Prayer and Reflection by Archbishop Stephen Brislin

Archbishop Stephen Brislin offers his prayer and reflection for the people of the Archdiocese of Cape Town for today, Wednesday 27 January 2021, during this time of the coronavirus pandemic. It is also available on the Archdiocese of Cape Town’s Facebook page and YouTube channel. Please also see below the text of his reflection, primarily for the deaf.

I wish you peace and blessings as we begin this reflection. No matter what happens in our lives, and whatever we encounter, may the Risen Christ always gives us inner peace and trust in him. In the First Reading of today’s Mass (Hebrews 10:11-18) we hear the writer speaking of Christ’s perfect sacrifice, comparing it with the sacrifices of Old. 

Every priest stands daily at his service, offering repeatedly the same sacrifices, which can never take away sins. But when Christ had offered for all time a single sacrifice for sins, he sat down at the right hand of God

Today we shall pray for those suffering from Covid 19. Let us pray:

Merciful God, hear our fervent prayer for all who suffer from the coronavirus. May those who are infected receive the proper treatment and the comfort of your healing presence. May their caregivers, families and neighbours be shielded from the onslaught of the virus. Give solace to those who grieve the loss of loved ones, and grant eternal rest to those who have died. Protect and guide those who strive to find a cure, that their work may conquer the disease and restore communities to wholeness and health. Help us to rise above fear and to face with courage the uncertainty and anxieties of the future. We ask all this through the intercession of Our Lady of Lourdes, and in the name of your Son, Jesus, and the Holy Spirit, now and forever. Amen. (cf.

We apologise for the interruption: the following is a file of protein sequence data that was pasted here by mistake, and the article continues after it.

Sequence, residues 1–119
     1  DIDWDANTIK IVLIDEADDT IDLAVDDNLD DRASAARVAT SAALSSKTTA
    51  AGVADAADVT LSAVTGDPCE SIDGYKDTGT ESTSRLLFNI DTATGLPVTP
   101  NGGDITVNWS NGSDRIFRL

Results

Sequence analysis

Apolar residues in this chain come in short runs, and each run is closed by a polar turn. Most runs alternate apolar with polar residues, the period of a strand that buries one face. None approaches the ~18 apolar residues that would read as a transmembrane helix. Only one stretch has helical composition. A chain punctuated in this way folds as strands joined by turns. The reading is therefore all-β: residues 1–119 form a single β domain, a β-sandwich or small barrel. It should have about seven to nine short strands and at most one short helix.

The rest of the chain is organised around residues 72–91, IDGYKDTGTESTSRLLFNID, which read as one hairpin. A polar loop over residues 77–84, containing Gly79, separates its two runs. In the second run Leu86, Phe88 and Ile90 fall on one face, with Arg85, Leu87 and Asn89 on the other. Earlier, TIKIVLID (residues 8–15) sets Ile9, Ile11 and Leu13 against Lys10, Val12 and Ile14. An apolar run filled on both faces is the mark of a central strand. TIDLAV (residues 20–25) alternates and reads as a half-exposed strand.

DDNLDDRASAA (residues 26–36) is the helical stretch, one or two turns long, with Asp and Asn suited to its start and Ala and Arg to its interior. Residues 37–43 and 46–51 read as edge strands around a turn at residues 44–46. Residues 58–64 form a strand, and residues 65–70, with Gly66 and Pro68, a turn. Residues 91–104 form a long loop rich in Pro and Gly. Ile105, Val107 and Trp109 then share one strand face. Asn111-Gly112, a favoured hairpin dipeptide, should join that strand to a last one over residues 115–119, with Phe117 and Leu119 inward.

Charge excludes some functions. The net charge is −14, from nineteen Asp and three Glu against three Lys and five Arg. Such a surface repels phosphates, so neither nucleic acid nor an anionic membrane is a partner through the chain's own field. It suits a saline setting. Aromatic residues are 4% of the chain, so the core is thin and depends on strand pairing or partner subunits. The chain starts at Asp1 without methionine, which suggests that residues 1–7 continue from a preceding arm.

One of the most painful aspects of the pandemic, and one which rebels against human nature, is that we have not been able to visit loved ones in hospital even if they are on their death-bed. It is important to us to be with those we love when they are suffering, even if we cannot relieve their suffering and even when we cannot find the words to comfort them. Simply being present, holding a hand, wiping the brow, are important to us and of great solace and comfort to the one who is ill. “No man is an Island, entire of itself; every man is a piece of the Continent, a part of the main”, wrote the poet John Donne. Human beings are connected to each other, inter-dependent, even if we don’t recognize it at times.

During the pandemic we have been prevented from meeting and interacting with people as we would usually do. So many meetings are conducted on such platforms as Zoom which can with ease bring people together even if they are living on different continents. It is convenient, cheap and efficient. But it is not the same as being with people at a physical meeting. We miss out on other cues which help human interaction, body language for example. We miss out on the small talk which enable us to get to know people better and to exchange information informally. Physical presence, ultimately, is essential for human well-being and balance. This is true for our relationship with God, as well. From the earliest times in the Scriptures we read of the principle of presence.